1. This appeal arises out of a suit for arrears of rent in which interest on the arrears was claimed at the rate of one anna per rupee, per mensem in terms of a kabuliyat, i.e., 75 per cent, per annum. Both the Courts below decreed the suit for the rent claimed with interest at 25 per cent, per annum instead of 75 per cent, as stipulated in the kabuliyat.
2. In this appeal it is contended that the Courts below erred in law (first) in not allowing interest at the contract rate and in holding that the stipulation relating to interest amounted to a penalty Under Section 74, Contract Act ; (second) in holding that the rate of interest was hard and unconscionable in the absence of any evidence to that effect and that there being no case of undue influence as mentioned in Section 16, Contract Act, the Court had no jurisdiction to re-open the contract between the parties. The only point at issue in this appeal therefore is whether Under Section 74, Contract Act, it was open to the Courts below to hold that the stipulation as regards interest which was in accordance with the terms of the contract was by way of penalty merely on the ground that the rate of interest was very high. This is the view taken by the Courts below. In this appeal, it is pointed out that previous to the decision of the Lordships of the Privy Council in Aziz Khan v. Duni Chand AIR 1918 PC 48 there were two different views adopted by this Court. In a number of cases it was held that it is open to the Court to interfere merely on the ground that the rate of interest is high and unconscionable. In other cases it was held that in the absence of evidence of undue influence the Court is not entitled to interfere with the terms of a contract. Authorities for the former view are to be found in Abdul Majeed v. Khirode Chandra Pal AIR 1915 Cal 383, Gopeswar Saha v. Jadav Chandra AIR 1917 Cal 630, Chellaphroo Chowdhuri v. Banga Behari AIR 1916 Cal 771 and Krishna Charan v. Sanat Kumar Das AIR 1917 Cal 502. On the other hand there are authoties for the latter view, that even interest at 75 per cent, per annum did not constitute a penalty in the absence of undue influence: of. Narendra Nath Sarkar v. Moniruddin Howladar (1903) 85 CLJ 209, Ashutosh Dhar v. Joy Lal Sardar (1913) 18 IC 621 and Umesh Chandra v. Golap Lal (1904) 31 Cal 233.
3. Since the decision in the case of Aziz Khan's case AIR 1918 PC 48 where their Lordshipa of the Privy Council have held that it is difficult for a Court of justice to give relief on grounds of simple hardship in the absence of any evidence to show that the money-lender had unduly taken advantage of his position even where the transaction appeared to be undoubtedly improvident, it has held in subsequent cases by this Court mostly, it is true, in mortgage suits, that the Court has no option but to allow the rate of interest stipulated in the bend. The above view has been adopted in the following cases: Ektar Sikdar v. Wajaadi Tati AIR 1919 Cal 413, Bejoy Kumar v. Satish Chandra AIR 1920 Cal 529. Bhut Nath v. Rama Nath AIR 1921 Cal 199, Nabin Chandra v. Dudu Mia AIR 1925 Cal 1193 and Jewan Lal Daga v. Nilmani Choudhurani AIR 1928 PC 80 these oases and the case of Nabin Chandra Saha's case : AIR1925Cal1193 is admittedly similar to the present case. There it was pointed out that the law had been altered by the decision in Balla Mal v. Ahad Shah AIR 1918 PC 249 and it was held that the law on the subject having been altered by judicial decisions since the judgment in a previous suit, it could not operate as resjudicata in that case, the law now being that in the absence of anything to show that there was undue influence, the rate of interest cannot be treated as penal or unconscionable merely because it is high. On behalf of the respondent, it has been sought to distinguish this case on the ground that there was no decision of the Courts below in that case, that the terms of the kabuliyat were hard or unconscionable, whereas in the present case there is such a finding. But apparently that finding was based merely on the fact that the rate of interest was seventy-five per cent, while there was good security. Even if it be held that the bargain was a hard one, according to the interpretation which has been put upon the decision of the Judicial Committee it must also be found that there was undue influence. The case of Dhanipal Das v. Maneshwar Baksh Singh (1903) 28 All 570 has also been referred to by the respondent, but in that case it was distinctly found that there had been undue influence. Another case which has been referred to on behalf of the respondent is the case of Jenan Lal Daga v. Nilmani Chowdhuri AIR 1928 PC 80, but that case was for specific performance in which the Courts were entitled to give equitable relief and therefore, it is distinguishable from the present case. Another recent decision referred to by the respondent is in the case of Bhai Panna Singh V. Firm Bhai Abjan Singh AIR 1929 PC 179, but that decision is not at all relevant to the facts of the present case.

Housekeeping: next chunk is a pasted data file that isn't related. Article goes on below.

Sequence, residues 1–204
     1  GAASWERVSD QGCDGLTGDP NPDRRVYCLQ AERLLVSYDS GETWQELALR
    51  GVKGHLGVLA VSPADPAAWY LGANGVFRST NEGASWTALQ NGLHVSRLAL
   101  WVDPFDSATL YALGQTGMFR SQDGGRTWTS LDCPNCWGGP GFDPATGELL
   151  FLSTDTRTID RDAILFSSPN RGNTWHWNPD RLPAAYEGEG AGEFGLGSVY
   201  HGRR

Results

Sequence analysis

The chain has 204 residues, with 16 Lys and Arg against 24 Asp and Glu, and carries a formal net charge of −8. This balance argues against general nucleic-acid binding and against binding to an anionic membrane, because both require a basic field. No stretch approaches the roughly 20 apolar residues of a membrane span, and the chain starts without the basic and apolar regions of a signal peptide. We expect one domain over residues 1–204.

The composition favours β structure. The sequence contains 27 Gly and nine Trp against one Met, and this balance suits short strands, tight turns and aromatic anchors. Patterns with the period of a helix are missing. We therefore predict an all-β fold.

4. We think, therefore, that we must hold that the plaintiffs are entitled to a decree for arrears of rent with interest at the rate claimed in accordance with the terms in the kabuliyat. It is to be noted that there was no issue framed in this case regarding undue influence, although there was an assertion of undue influence in the written statement. This appeal is accordingly allowed and the decree of the lower appellate Court is set aside and the plaintiffs' claim is allowed in full with interest at 6 per cent, per annum from the date of the decree of the trial Court till realization. We make no order as to costs throughout.
5. I agree.